[Skip to Content]
Access to paid content on this site is currently suspended due to excessive activity being detected from your IP address Please contact the publisher to request reinstatement.
[Skip to Content Landing]
May 1964

Internal Ophthalmoplegia Following Chickenpox

Arch Ophthalmol. 1964;71(5):617-618. doi:10.1001/archopht.1964.00970010633004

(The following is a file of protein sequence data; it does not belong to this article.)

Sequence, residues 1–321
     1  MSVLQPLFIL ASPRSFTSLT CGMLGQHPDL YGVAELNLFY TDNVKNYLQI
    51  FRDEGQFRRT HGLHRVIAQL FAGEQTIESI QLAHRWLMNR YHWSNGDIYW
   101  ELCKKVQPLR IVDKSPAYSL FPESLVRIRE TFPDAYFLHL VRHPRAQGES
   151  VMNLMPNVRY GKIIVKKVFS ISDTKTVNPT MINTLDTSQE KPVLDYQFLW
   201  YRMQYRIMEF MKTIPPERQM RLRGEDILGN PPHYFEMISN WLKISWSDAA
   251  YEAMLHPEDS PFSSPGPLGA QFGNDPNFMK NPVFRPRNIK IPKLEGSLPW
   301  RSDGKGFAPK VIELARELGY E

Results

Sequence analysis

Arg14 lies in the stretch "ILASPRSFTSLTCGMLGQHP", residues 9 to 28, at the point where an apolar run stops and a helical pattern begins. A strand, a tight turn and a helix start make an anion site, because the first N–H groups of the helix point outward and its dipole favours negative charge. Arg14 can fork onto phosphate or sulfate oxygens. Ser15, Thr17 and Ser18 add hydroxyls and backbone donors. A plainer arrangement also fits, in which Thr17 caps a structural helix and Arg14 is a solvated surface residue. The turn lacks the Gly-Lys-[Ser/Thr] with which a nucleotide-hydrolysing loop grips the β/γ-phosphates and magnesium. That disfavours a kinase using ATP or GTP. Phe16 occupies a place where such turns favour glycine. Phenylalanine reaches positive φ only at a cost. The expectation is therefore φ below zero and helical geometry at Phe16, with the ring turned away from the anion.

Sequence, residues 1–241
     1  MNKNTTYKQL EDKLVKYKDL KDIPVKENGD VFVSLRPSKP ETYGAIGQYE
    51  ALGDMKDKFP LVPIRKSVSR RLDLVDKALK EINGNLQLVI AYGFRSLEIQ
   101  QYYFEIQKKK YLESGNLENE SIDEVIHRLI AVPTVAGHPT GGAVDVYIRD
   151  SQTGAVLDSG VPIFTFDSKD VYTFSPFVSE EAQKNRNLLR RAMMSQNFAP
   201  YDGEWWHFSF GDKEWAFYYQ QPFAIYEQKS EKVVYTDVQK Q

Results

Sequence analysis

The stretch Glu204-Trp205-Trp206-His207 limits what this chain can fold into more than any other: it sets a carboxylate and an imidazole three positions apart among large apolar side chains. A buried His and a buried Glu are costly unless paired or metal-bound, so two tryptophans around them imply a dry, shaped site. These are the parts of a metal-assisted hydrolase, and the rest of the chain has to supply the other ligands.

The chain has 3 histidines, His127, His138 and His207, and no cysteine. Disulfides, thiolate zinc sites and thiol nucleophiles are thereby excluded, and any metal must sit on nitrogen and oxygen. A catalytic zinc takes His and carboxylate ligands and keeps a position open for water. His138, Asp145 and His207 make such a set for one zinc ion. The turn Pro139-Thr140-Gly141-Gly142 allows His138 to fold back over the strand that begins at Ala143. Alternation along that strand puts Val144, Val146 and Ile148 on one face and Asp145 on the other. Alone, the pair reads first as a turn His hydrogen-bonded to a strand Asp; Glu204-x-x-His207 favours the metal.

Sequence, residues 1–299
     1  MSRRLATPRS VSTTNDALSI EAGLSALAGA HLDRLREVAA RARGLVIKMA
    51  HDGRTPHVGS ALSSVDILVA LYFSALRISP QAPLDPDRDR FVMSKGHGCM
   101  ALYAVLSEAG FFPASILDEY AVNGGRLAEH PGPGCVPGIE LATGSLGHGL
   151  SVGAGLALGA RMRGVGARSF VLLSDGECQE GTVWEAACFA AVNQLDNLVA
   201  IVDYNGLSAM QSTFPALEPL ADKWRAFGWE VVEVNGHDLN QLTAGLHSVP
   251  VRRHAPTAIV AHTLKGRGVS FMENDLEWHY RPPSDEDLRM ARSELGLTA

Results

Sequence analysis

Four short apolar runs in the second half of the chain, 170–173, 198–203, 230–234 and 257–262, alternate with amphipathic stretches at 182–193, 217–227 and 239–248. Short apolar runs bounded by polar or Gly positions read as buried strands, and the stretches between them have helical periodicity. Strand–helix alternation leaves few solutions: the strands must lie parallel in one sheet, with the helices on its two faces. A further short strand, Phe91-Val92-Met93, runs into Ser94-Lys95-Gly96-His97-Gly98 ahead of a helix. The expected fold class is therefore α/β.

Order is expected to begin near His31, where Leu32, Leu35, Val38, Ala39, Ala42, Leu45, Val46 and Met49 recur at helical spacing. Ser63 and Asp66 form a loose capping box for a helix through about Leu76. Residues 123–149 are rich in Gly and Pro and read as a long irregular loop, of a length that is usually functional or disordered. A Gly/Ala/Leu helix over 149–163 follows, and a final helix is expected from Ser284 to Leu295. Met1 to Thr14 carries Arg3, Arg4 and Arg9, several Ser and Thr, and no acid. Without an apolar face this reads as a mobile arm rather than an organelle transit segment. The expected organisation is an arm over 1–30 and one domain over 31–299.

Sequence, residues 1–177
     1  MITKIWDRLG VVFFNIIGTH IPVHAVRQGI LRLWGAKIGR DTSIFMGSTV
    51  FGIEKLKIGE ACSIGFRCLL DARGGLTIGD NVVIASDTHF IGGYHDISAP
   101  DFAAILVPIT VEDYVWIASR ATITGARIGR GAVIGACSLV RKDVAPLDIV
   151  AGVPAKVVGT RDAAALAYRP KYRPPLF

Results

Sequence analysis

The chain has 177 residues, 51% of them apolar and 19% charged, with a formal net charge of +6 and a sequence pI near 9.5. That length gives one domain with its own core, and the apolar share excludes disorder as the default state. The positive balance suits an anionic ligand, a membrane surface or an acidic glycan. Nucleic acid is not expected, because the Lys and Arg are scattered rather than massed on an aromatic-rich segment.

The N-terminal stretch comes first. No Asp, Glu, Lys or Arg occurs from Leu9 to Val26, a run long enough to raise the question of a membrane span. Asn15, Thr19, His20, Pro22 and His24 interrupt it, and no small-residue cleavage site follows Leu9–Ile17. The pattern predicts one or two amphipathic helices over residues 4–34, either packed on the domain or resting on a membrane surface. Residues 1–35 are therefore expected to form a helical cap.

Few reported cases of internal ophthalmoplegia can be attributed to chickenpox, and the following case is therefore presented. Laha and Srivastava1 in 1955 reported a 22-year-old Hindu male who noted monocular dimness of vision and dilated pupil one week after the onset of chickenpox, but no measurement of visual acuity nor accommodation was recorded. In 1958 Monod2 described a 7-year-old girl who was noted to have a dilated pupil six days after the onset of chicken pox. Forty days after the onset of the illness the vision in the left eye was reduced to 9/10, presumably due to paresis of accommodation. Three months later the child had regained her power of accommodation, but the pupil remained dilated after 4½ months of observation. The latest report of internal ophthalmoplegia due to chickenpox was that by Ross3 in 1961. He reported a 7-year-old white boy with 1.25 D of